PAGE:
As a general rule, grid systems can be used for locating a single facility so that the distance to existing facilities is minimized—and by extension, transportation costs are minimized as well. In addition, grid systems are relatively simple to apply, and calculations can be done relatively quickly.


    Alternatively, the relative simplicity means that adjustments have to be made to take into account real-world considerations such as taxes, wage rates in particular locations, volume discounts, the cost and quality of transport services, and the fact that transport rates taper with increased distances.


    20.  Distinguish between facility relocation and facility closing. How should companies deal with their human resources (workers) in both situations?


    Facility relocation occurs when a firm decides that it can no longer continue operations in its present facility and must move operations to another facility in order to better serve suppliers and/or customers. Facility closing, by contrast, occurs when a company decides to discontinue operations at a current site because the operations may no longer be needed or can be absorbed by other facilities.


    Regardless of whether we are talking about relocation or closing, current employees should be kept informed—by their employer—about relevant issues. Information from other sources could cause confusion, anger, and lower morale and could easily offset the productivity of the existing facility. Additional information is generally required for facility closings, in the sense that the Worker Adjustment and Retraining Notification Act mandates that employers give 60 days notice about closings and mass layoffs.


    PART III

    EXAMINATION QUESTIONS


    CHAPTER 8: DISTRIBUTION CENTER, WAREHOUSE, AND PLANT LOCATION


    Multiple Choice Questions


    1.      The major factors influencing locational decisions are ____ and____.


    a.       markets; resource availability

    b.      labor; transport services

    c.       markets; labor

    d.      transport services; resource availability

    e.       none of the above

    (a; p. 188)


    2.      Each of the following is a dimension in facility location except:


    a.       time

    b.      cost

    c.       value

    d.      size

    (d; p. 189)


    3.      With respect to facility location decisions, firms are seeking the most ____ at the least ____ in the least elapsed amount of time.


    a.       customers; cost

    b.      value; effort

    c.       value; cost

    d.      sites; distance

    (c; p. 189)


    4.      The initial focus in facility location is on a____.


    a.       city

    b.      county

    c.       state

    d.      region

    (d; p. 189)



    5.      The general trend in recent years has been for companies to do what with their distribution networks?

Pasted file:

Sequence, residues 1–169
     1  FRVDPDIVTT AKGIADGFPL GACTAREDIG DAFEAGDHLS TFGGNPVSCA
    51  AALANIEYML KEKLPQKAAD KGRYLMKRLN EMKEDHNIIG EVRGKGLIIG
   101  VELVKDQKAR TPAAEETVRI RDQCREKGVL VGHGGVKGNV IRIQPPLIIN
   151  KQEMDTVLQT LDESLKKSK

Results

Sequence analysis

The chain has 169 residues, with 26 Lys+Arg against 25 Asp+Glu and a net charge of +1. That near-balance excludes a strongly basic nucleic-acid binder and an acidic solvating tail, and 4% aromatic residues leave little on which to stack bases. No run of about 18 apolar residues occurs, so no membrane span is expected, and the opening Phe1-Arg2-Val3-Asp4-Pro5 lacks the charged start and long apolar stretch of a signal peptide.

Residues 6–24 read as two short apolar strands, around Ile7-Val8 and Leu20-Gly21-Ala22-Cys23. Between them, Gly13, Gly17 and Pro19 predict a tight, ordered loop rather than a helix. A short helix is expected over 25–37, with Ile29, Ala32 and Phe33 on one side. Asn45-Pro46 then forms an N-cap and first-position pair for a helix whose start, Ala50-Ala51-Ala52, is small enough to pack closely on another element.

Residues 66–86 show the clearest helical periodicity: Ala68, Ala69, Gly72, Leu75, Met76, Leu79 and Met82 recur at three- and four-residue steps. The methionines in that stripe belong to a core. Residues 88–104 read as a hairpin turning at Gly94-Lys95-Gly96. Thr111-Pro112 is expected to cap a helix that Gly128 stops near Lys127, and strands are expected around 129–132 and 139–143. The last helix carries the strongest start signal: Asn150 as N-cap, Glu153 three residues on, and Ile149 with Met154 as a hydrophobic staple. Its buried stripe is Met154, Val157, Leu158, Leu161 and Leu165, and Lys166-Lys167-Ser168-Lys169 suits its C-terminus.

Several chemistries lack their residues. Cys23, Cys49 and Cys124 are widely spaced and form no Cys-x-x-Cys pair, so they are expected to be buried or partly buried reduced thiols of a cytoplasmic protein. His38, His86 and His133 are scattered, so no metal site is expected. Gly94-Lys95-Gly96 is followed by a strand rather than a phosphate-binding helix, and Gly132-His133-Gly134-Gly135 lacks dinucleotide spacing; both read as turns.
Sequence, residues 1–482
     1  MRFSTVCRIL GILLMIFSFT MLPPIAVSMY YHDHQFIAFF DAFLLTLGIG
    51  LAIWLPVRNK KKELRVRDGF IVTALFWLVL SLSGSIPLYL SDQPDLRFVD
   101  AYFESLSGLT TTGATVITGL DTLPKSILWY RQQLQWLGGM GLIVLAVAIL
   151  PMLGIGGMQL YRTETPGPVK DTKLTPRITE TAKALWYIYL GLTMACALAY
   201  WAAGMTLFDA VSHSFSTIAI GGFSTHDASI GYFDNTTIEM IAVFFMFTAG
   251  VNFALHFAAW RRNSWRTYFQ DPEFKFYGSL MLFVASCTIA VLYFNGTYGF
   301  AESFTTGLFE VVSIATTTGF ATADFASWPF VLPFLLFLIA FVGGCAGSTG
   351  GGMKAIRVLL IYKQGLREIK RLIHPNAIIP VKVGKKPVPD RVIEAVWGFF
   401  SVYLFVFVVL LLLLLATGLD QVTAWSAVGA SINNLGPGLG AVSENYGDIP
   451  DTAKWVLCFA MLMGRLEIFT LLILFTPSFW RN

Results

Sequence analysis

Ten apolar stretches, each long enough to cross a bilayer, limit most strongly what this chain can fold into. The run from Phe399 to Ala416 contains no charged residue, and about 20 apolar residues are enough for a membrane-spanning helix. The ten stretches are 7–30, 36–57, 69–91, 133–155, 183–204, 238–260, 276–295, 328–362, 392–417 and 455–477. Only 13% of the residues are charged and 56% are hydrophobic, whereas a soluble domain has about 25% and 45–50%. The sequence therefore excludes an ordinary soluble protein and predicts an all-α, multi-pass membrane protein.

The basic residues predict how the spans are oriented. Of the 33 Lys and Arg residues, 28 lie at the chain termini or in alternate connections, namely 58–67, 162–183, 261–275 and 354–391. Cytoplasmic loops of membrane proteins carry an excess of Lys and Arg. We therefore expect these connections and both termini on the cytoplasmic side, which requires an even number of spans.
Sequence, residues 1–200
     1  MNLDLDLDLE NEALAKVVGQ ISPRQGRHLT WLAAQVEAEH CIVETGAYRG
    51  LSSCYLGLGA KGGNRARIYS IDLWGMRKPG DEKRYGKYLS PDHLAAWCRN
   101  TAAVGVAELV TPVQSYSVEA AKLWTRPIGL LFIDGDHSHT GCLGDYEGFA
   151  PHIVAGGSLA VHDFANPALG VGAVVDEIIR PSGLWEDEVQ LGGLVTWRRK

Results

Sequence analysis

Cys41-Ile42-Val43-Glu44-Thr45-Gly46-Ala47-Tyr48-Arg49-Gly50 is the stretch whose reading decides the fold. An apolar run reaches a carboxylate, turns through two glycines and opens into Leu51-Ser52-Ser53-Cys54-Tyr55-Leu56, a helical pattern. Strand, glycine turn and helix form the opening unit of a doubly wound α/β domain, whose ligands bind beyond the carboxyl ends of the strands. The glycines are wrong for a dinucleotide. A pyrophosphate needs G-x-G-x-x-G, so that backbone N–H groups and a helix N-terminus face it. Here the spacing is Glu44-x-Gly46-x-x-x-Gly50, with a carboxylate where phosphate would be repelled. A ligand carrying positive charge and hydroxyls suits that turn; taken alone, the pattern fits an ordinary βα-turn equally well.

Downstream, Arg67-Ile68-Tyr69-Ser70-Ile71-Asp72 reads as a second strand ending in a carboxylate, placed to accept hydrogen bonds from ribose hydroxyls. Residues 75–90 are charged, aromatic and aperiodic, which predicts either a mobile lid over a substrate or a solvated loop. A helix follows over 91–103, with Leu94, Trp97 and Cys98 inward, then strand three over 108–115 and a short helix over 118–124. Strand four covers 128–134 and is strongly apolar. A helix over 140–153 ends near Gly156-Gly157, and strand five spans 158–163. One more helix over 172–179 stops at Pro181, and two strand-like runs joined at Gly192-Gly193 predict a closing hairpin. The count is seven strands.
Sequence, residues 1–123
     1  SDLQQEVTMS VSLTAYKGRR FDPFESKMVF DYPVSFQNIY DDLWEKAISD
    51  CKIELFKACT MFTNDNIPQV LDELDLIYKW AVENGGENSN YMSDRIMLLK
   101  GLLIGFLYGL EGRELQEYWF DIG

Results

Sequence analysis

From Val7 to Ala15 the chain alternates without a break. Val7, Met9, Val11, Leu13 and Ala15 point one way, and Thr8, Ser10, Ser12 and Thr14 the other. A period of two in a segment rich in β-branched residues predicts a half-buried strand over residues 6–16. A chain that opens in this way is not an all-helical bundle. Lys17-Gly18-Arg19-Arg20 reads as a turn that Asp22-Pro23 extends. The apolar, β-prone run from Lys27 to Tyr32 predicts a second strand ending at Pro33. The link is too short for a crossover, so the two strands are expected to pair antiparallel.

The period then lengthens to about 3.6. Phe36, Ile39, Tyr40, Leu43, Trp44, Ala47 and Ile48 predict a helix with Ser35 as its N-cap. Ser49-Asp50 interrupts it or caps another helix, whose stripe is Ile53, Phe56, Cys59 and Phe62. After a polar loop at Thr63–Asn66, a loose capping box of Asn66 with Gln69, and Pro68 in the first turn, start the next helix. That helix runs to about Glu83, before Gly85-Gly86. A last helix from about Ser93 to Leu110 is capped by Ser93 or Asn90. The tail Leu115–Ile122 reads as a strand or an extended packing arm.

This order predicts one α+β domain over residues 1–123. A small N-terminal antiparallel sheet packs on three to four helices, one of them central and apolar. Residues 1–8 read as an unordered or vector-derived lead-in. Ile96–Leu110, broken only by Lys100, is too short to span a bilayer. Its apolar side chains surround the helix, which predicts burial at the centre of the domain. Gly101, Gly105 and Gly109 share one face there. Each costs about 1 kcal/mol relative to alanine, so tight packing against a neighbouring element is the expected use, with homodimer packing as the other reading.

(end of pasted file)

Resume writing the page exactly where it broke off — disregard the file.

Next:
a.       maintain the status quo

    b.      reduce the number of facilities

    c.       slightly increase the number of facilities

    d.      relocate their facilities

    (b; p. 191)


    6.      Chicago Consulting is known for its annual list of “The 10 Best Warehouse Networks” for serving the U.S. population.  For what country did Chicago Consulting debut a “10 Best Warehouse Networks” during 2006?


    a.       India

    b.      China

    c.       Brazil

    d.      Russia

    (b; p. 191)


    7.      A pure material:


    a.       is one that loses no weight in manufacturing

    b.      cannot be mixed with other materials

    c.       is soluble in water

    d.      comes from the ocean

    e.       none of the above

    (a; p. 193)


    8.      The processing point for a pure material:


    a.       should be near its source

    b.      should be near the final market

    c.       can be anywhere in the world

    d.      can be anywhere near the source and the market

    (d; p. 193)


    9.      The processing point for a weight-losing raw material:


    a.       can be anywhere near the source and the market

    b.      should be near its source

    c.       should be near the final market

    d.      should be equidistant between the source and the market

    (b; p. 193)




    10.  The processing point for a weight-gaining raw material:


    a.       can be anywhere near the source and the market

    b.      should be near its source

    c.       should be near the final market

    d.      should be equidistant between the source and the market

    (c; p. 193)


    11.  Over the past quarter century, discussion of natural resources and facility location has increasingly factored in ____ considerations.


    a.       cost

    b.      supply chain

    c.       ethical

    d.      environmental

    (d; p. 193)


    12.  What two countries account for approximately one-third of the world’s population?


    a.       IndonesiaChina

    b.      IndiaChina

    c.       United StatesIndia

    d.      IndonesiaUnited States

    (b; p. 194)


    13.  According to a recent update to the 2000 U.S. census, the population of the ____ is projected to grow approximately 14% between 2000 and 2010.


    a.       Great Lakes

    b.      Northeast

    c.       West

    d.      Southeast

    e.       none of the above

    (c; p. 194)


    14.  Which of the following countries has the highest hourly worker compensation?


    a.       Germany

    b.      United States

    c.       Japan

    d.      Great Britain

    (a; p. 195)



    15.  ____ plants, which are located just south of the U.S.–Mexican border, provide much needed jobs to Mexican workers and allow for low-cost, duty-free production so long as all the goods are exported from Mexico.


    a.       Expatriate

    b.      Trade zone

    c.       Nationalization

    d.      Maquiladora